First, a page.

Accenture has confirmed that it plans to make up to 400 staff in its Irish operations redundant.
A spokesperson said the decision followed a careful review of the company’s business operations here.
They added that a collective employee consultation around the proposed redundancy programme is now to get underway.
Accenture has lowered its annual revenue and profit forecasts and said earlier today it would cut about 2.5% of its workforce, the latest sign that the worsening global economic outlook was sapping corporate spending on IT services.
More than half of the 19,000 jobs to be cut will be in its non-billable corporate functions, Accenture said.
Accenture currently employs around 6,500 people in Ireland.
The company offers management consultancy services here but some of its staff in Ireland also carry out global back office roles for the organisation.
Since late last year, the tech sector has laid off thousands of employees due to a demand downturn caused by high inflation and rising interest rates.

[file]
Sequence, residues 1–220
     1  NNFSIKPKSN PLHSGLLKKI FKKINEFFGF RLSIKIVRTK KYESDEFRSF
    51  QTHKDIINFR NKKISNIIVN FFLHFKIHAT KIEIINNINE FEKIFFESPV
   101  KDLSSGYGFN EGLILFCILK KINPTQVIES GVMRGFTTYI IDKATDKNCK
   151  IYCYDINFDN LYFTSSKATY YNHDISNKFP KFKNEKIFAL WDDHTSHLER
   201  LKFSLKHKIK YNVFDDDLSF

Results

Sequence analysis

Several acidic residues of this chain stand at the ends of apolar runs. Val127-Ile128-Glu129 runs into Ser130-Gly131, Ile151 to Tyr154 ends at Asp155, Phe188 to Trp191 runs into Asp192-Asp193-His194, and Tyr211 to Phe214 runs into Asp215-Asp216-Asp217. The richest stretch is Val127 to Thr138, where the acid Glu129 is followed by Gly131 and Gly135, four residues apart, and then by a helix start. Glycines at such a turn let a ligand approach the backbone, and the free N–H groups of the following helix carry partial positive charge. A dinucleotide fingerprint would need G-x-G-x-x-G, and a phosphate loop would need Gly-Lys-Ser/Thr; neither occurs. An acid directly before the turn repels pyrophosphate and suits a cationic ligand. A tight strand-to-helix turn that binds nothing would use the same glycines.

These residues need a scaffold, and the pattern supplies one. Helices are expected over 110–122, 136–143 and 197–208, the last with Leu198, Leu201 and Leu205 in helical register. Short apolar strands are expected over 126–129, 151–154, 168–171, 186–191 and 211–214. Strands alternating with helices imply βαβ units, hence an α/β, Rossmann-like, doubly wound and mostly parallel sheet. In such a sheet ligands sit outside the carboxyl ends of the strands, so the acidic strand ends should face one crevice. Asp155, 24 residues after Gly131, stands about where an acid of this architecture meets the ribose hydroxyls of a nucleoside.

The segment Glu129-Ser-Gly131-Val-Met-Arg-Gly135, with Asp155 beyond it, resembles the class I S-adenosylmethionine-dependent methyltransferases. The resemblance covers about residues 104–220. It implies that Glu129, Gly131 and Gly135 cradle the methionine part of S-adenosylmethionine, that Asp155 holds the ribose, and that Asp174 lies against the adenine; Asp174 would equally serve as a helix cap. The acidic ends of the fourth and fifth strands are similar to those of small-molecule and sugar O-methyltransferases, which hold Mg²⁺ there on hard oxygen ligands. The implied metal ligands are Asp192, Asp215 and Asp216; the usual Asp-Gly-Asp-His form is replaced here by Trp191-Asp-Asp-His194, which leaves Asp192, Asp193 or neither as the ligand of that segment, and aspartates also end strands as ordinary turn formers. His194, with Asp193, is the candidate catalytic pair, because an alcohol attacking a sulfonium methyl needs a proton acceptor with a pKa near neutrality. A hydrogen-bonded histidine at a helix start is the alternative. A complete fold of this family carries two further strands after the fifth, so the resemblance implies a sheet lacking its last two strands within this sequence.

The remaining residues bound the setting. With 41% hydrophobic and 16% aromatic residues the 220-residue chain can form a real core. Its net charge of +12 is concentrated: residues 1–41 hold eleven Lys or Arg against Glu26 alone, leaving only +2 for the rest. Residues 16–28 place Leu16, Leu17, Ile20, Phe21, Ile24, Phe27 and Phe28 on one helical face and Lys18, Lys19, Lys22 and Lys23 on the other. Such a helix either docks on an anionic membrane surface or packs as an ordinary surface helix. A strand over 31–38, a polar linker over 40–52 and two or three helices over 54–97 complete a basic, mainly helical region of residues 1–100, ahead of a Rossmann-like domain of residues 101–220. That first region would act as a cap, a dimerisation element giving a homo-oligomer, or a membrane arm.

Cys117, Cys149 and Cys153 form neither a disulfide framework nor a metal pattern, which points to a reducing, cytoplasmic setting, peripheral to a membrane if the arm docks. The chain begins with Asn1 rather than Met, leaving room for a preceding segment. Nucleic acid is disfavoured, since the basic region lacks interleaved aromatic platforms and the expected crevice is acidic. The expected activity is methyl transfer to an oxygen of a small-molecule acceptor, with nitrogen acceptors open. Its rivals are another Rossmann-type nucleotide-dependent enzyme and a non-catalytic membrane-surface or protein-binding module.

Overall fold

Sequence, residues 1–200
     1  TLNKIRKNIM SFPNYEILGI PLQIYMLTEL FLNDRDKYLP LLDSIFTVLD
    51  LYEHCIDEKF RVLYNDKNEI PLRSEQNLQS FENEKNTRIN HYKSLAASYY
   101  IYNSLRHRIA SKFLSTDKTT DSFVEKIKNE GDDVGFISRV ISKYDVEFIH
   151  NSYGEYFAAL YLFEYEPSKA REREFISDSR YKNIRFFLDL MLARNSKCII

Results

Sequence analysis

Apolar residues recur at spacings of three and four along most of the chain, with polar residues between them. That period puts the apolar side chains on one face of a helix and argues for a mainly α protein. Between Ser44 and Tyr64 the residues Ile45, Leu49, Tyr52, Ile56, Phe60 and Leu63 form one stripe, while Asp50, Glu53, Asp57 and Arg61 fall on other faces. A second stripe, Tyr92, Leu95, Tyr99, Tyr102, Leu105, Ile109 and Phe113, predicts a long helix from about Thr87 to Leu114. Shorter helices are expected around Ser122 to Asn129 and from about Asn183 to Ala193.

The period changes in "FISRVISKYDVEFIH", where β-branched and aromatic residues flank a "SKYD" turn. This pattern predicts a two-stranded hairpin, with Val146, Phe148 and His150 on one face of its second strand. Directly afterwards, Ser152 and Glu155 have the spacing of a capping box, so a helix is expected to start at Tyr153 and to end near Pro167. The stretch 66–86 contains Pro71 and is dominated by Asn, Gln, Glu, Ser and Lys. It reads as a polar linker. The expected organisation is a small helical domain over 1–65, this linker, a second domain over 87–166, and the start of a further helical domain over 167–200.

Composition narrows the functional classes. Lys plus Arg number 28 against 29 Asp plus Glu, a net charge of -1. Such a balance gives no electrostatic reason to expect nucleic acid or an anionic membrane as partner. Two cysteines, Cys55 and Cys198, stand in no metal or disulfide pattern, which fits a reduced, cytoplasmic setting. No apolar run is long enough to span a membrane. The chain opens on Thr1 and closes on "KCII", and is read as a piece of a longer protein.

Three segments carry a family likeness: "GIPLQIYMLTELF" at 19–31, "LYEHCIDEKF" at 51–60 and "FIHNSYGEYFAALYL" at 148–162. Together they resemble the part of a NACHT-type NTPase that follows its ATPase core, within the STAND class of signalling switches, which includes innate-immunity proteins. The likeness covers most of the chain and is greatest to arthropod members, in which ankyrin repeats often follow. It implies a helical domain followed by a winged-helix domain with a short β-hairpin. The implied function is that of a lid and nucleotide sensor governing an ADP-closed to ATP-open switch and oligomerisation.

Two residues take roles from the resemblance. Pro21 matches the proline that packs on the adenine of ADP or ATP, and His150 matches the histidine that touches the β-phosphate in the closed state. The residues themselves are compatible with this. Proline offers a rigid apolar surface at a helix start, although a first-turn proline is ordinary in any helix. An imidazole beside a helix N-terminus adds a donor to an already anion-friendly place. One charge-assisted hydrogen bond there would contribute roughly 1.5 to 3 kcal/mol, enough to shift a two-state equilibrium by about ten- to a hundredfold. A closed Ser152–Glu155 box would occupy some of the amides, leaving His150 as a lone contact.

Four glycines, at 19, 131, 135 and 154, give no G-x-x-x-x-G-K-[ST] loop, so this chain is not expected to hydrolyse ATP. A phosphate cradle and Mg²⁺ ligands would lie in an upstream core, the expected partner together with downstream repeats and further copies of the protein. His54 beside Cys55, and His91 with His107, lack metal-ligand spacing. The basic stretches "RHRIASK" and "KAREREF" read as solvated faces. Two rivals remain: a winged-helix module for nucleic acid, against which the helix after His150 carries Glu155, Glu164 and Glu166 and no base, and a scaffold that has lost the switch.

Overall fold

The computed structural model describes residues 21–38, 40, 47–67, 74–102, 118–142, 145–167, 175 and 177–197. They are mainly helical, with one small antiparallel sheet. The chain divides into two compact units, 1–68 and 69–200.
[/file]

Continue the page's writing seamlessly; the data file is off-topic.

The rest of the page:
Rival Cognizant Technology Solutions last month pointed to “muted” growth in bookings, or the deals IT services firms have in the pipeline, in 2022 and forecast quarterly revenue below expectations.
IBM and India’s top IT services firm Tata Consultancy Services have also flagged weakness in Europe, where the Ukraine war has affected client spending.
Accenture now expects annual revenue growth to be between 8% and 10%, compared with its previous projection of a 8% to 11% increase.
Earnings per share is expected in the range of $10.84 to $11.06 compared with $11.20 to $11.52 previously.
“Companies remain focused on executing compressed transformations,” chief executive Julie Sweet said in a post-earnings call referring to how businesses were trying to become leaner in the turbulent economy.
A survey of more than 1,000 IT decision makers by US-based Enterprise Technology Research said they plan to reduce their 2023 budget growth.
The growth expectations are now 3.4%, down from 5.6% increase captured in October 2022.
“Our forward-looking technology spending intentions data for both sectors (IT Consulting and Outsourced IT) are approaching zero!” said Erik Bradley, chief engagement strategist at the technology market research firm.
“In short, the data indicates a very difficult environment ahead for consulting firms,” he added.
-additional reporting Reuters